Disabled Woman Alleges Discrimination and Neglect in Swansea Hospital’s A&E Department

…By Alan Peterson for TDPel Media. A disabled woman from Swansea, Kara Williams, has recently come forward with her harrowing experience at a local hospital’s Accident and Emergency (A&E) department.


Kara, aged 37, claims to have faced discrimination due to her disability while seeking medical care.

She expressed her strong reluctance to return to A&E, stating that she would “rather die” than endure such mistreatment again.

Kara suffers from neuropathic pelvic pain, a condition that causes severe agony if she sits for even a few minutes.


Despite informing the medical staff of her disability, no accommodations were made by Morriston Hospital, leaving her in a distressing situation.

Struggles in A&E: A Painful Wait:

Kara contacted the GP out-of-hours service on June 18, seeking assistance for coughing up blood and chest tightness.

Aware of the prolonged waiting times in A&E, she decided to visit the hospital, anticipating the impossibility of enduring the extended sitting.

Upon arriving at Morriston A&E and informing the nurses about her disability, Kara requested reasonable adjustments to accommodate her condition while she awaited a doctor’s examination.

Although she had brought her own camping chair, her pain escalated, compelling her to kneel and eventually lie on the floor, which she described as unhygienic.


Desperate for relief, she had to plead for morphine, which was eventually administered, but by then, her pain had already surpassed manageable levels.

Discrimination and Deterrence:

Kara firmly believes that the hospital staff discriminated against her disability, accusing them of neglecting her needs.

She expressed her profound reluctance to revisit the A&E department, emphasizing that she would prefer death over returning to such an experience.

Kara found it disheartening that seeking medical treatment, as advised by the NHS, led to such discouragement.

Following hours of suffering and experiencing incontinence issues, she discharged herself from the hospital around 6 pm.


Kara had tried her best to minimize her presence, lying on her side to avoid inconveniencing others.

However, she overheard hurtful comments from some fellow patients, labeling her as mentally ill for lying on the dirty floor.

Feeling upset and unwilling to explain herself, she endured the painful ordeal alone.

Failed Communication and Unmet Requests:

Despite attempting to discuss alternative options with the hospital staff, Kara claims that her requests for accommodations were dismissed.

She proposed moving to another part of the hospital, such as a corridor with unused trolleys, where she could lie down until called by a doctor.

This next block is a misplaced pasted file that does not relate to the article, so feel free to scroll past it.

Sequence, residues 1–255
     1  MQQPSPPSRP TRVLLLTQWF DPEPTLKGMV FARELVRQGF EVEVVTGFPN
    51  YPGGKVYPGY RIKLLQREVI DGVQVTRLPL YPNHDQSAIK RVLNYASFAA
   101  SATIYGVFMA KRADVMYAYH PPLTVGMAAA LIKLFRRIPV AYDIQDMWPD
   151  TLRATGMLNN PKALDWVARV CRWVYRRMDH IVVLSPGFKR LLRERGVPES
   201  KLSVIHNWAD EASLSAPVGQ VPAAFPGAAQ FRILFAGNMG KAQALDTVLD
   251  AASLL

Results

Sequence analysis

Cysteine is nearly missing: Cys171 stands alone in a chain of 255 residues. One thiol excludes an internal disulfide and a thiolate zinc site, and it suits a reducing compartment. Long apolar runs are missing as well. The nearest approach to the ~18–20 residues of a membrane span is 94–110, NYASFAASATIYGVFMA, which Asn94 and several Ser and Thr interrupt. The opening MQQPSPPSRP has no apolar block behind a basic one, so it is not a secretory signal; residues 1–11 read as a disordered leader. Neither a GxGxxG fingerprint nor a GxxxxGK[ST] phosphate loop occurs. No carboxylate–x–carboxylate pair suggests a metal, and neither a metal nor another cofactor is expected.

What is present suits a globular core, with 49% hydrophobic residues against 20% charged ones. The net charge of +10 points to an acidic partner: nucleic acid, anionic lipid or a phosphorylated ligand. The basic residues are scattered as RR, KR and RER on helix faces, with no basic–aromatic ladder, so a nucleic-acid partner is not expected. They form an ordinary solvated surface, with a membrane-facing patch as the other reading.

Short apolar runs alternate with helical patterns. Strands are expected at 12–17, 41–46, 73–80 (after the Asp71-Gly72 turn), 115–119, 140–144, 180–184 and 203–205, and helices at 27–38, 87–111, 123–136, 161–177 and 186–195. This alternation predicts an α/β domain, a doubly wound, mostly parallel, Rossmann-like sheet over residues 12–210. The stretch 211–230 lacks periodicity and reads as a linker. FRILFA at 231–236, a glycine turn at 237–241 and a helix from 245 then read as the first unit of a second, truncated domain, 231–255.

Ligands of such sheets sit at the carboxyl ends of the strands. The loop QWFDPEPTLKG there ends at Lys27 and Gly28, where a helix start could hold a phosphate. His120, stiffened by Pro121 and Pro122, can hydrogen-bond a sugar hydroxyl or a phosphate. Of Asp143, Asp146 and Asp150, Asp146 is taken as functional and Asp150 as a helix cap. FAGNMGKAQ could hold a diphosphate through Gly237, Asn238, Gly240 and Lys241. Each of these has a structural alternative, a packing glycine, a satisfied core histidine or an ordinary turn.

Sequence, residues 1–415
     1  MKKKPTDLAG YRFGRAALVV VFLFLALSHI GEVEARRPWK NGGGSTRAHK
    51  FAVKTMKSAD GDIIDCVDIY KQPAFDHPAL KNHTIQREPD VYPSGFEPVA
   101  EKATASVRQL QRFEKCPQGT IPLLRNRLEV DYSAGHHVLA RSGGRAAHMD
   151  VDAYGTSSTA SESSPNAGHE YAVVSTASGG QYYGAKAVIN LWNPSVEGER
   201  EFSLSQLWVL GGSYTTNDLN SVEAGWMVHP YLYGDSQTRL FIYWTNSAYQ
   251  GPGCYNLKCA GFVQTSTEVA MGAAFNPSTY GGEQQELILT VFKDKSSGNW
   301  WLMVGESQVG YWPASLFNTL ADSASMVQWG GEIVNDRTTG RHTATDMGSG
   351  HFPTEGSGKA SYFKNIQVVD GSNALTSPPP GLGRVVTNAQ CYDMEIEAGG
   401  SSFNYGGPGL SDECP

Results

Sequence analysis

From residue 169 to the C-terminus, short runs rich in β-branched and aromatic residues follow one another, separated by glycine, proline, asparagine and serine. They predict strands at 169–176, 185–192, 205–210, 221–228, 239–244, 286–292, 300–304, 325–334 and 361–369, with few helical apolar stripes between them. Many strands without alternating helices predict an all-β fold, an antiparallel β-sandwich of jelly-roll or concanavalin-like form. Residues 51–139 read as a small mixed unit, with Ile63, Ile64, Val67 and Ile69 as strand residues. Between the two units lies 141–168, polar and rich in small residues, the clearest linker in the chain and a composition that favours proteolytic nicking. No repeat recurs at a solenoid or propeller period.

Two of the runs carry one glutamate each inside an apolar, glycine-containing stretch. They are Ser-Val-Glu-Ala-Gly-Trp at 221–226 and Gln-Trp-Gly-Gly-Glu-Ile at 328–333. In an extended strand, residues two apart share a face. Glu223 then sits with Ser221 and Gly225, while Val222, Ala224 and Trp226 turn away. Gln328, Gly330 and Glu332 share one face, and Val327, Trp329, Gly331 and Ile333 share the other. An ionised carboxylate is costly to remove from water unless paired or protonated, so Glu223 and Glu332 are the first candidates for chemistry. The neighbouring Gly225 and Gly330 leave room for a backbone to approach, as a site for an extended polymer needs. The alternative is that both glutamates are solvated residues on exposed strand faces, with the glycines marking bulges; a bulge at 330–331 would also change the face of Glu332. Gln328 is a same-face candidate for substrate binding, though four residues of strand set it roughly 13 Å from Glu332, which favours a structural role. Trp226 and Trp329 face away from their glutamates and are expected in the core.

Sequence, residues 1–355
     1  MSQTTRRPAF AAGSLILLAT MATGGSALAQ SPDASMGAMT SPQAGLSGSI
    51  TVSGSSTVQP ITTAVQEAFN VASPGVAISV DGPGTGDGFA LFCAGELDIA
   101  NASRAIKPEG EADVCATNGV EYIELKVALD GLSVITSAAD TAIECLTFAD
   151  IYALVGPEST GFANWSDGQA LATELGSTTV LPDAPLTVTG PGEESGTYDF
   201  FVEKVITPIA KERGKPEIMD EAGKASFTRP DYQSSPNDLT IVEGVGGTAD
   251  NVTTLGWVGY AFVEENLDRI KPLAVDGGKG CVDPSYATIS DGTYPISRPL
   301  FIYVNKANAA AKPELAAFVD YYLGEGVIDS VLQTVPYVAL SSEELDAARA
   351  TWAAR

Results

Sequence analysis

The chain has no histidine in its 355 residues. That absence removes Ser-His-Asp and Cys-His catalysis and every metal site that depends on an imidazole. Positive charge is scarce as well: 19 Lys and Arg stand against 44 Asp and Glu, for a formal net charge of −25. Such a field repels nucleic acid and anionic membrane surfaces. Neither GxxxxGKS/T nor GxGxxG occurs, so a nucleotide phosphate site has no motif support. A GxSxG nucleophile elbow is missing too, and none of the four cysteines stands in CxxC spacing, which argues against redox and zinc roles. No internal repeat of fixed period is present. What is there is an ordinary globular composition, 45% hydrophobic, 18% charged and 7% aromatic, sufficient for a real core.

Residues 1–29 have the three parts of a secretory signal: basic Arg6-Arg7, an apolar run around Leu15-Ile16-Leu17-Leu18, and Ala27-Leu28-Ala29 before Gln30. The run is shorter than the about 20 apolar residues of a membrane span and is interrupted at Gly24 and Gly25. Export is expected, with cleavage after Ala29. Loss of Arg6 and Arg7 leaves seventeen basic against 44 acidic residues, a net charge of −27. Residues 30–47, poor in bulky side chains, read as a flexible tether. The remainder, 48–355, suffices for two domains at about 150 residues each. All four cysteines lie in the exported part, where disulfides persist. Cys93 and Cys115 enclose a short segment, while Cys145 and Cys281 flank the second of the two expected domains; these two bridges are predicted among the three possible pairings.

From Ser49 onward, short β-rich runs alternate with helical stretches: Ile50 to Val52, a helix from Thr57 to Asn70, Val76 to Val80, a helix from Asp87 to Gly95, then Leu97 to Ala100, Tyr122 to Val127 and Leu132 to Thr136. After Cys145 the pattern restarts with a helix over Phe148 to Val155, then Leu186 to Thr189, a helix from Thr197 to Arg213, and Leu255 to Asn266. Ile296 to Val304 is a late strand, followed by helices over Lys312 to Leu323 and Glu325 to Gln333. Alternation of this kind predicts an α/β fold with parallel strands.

However, her suggestions were deemed unreasonable, and she was told that there were sicker patients requiring immediate care and that all beds were occupied.

Kara acknowledges the hard work of the hospital staff but insists that she was merely asking for reasonable adjustments due to her sitting disability caused by neuropathic pelvic pain.

Recurring Nightmares:

Kara’s distressing experience at Morriston A&E is not an isolated incident.

Over a year ago, she encountered a similar situation where she was forced to lie on the floor, resulting in a clostridium difficile (C.diff) infection.

Kara attributed the infection to the unhygienic conditions on the hospital floor. F


ollowing this incident, she lodged a complaint with the ombudsman and was advised to approach a senior staff member directly if the issue recurred.

However, when she attempted to speak to a senior staff member on the recent occasion, she was informed that no one was available.

Health Board’s Response:

A spokesperson for the Swansea Bay University Health Board expressed deep regret upon learning about Kara’s concerns and affirmed their willingness to discuss the matter directly with her.

They acknowledged the high patient volume and the prioritization of individuals

with life-threatening conditions, leading to extended waiting times for others.


The Health Board encouraged people to explore alternative avenues for medical assistance, such as the Minor Injury Unit at Neath Port Talbot Hospital, the NHS Wales 111 website, local GP surgeries, or pharmacies, whenever possible.


Kara Williams’ distressing experience at Morriston Hospital’s A&E department sheds light on the challenges faced by disabled individuals seeking urgent medical care.

Her claims of discrimination and neglect due to her disability, along with the lack of accommodations made, have sparked concern.

It is imperative for healthcare facilities to prioritize inclusivity and accessibility to ensure that all patients, regardless of their disabilities, receive appropriate care and support during their time of need.

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